A top-rated prospect, Fields began his pro career in 2005 at the White Sox's Double-A affiliate in Birmingham, Ala., a year after Chicago made him the 18th overall pick in the 2004 First-Year Player Draft.
Ritchie was Fields' hitting coach in Birmingham.
"We used to always talk about hitting, it's one way. One way instead of five ways," Ritchie said Thursday after Fields singled and walked in a pair of plate appearances against the Rays. "I remember him yelling across the field when he was in Triple-A Charlotte [in 2006] and I was over with the Pirates' [Triple-A affiliate Indianapolis], and he was starting to have a good season that year.
"He goes, 'Hey, one way, baby!' He says, 'I got it! One way!'"
The point was not to complicate things. Don't go up there trying five different batting stances, as young guys are wont to do.
2010 Spring Training - null
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Seemingly, little was complicated for Fields at the start of his career. A star at Oklahoma State, he hit 16 home runs for Birmingham in '05, and hit 19 more the next year at Triple-A before making his Major League debut.
On Sept. 18, 2006, Fields became just the third player in White Sox history to homer in his first Major League at-bat -- a pinch-hit shot, no less. The company he joined? Miguel Olivo and Carlos Lee.
Fields didn't stick, though. He played a career-high 100 games in the Majors in '07, hitting .244, and after the '09 season, he was traded to Kansas City. Now with the Pirates, Fields is trying to break camp as a utility man and corner infielder, a pinch-hit guy who can play third, first and some outfield.
It's not the trajectory he imagined.
"I don't think anyone that dreams of playing in the big leagues envisions the bench spot and stuff like that," Fields said. "But the way my career's gone, injuries and different things like that ... "
Fields underwent labral surgery on his right hip in April last year, costing him most of the season. He came to the Pirates this offseason because he saw the youth movement the organization is undertaking, and along with it, he likely saw a chance to play, too.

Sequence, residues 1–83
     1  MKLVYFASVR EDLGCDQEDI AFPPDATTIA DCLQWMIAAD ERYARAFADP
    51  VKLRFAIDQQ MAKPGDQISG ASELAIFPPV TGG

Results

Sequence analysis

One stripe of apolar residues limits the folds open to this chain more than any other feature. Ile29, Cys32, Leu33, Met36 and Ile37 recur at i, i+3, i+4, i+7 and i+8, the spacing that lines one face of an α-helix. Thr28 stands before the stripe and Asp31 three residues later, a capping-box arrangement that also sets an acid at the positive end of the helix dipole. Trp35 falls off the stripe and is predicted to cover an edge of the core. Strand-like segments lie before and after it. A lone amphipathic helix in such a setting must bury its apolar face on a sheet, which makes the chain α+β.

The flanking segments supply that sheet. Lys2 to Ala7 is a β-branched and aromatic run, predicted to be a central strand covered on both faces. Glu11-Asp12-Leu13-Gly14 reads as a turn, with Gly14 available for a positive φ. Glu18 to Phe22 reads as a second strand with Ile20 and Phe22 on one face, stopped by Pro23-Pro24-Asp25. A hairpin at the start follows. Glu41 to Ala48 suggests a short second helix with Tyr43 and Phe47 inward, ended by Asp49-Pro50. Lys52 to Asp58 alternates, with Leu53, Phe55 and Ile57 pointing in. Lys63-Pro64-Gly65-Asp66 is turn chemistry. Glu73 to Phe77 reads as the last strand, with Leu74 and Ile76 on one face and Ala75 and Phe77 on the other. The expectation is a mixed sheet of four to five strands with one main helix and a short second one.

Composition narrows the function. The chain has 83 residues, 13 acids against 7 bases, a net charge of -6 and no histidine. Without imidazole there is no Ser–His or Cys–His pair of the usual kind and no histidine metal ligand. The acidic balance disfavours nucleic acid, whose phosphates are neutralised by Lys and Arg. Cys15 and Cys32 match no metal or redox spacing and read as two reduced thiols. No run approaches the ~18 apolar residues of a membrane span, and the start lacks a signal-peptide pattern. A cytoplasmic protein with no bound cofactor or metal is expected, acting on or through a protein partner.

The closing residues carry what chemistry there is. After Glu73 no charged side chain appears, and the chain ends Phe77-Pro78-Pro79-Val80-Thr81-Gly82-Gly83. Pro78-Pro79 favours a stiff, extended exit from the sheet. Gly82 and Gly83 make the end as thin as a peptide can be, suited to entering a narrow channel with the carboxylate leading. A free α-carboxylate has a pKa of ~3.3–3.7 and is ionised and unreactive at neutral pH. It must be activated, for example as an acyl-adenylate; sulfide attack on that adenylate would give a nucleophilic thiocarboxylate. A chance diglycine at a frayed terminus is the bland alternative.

Fields singled on a 3-1 pitch in his first at-bat on Friday, and he walked in his second. His start this spring might've been slower then he hoped -- he's 4-for-18 with twice as many strikeouts (six) as walks -- but he's in the mix.
"I feel good, I'm moving good, I'm running good," Fields said. "It is what it is, battling for a spot. Everyone wants to be in the big leagues, and if it takes to play every couple days and [to] pinch-hit to be here and help the team, that's where I want to be."
There is a comfort zone with the Pirates for Fields. Besides Ritchie, he was college roommates with catcher Jason Jaramillo, he worked with third-base coach Nick Leyva in the White Sox organization, and he worked with first-base coach Luis Silverio with the Royals last season.
But there's also a period of adjustment. Ritchie said the trust is there with Fields, but they haven't clicked on a mechanical level just yet. It's a getting-to-know-you-again process.
"That was, whatever it was, four or five years ago, and you know, philosophies change during that time, and you kind of have to learn how to talk to each other again," Fields said. "He's learning what my keys are to make me think right when I'm in the box, stuff like that. But for the most part, it's good."
It's still early, but both Ritchie and manager Clint Hurdle like what they've seen.
"We've moved him around a couple places, and the hard part is just getting some continuity with the reps," Hurdle said. "He's made some things happen the last couple nights. He got a push bunt to start a rally, won a game. A drag bunt the other night. Delayed steal. ... He's doing the things he needs to do to be effective."
Fields isn't in a position to rocket to a starting job as he did six years ago, but he's also not the same guy he once was. He has a son, Kaden, and they live with his wife, Ashleigh, in Bradenton, right where the Pirates train. The Josh Fields that Ritchie works with now is more mature.
On the diamond, though, they still joke about it. It certainly worked then, so why not?
"Make it simple," Ritchie said. "Stick to one way."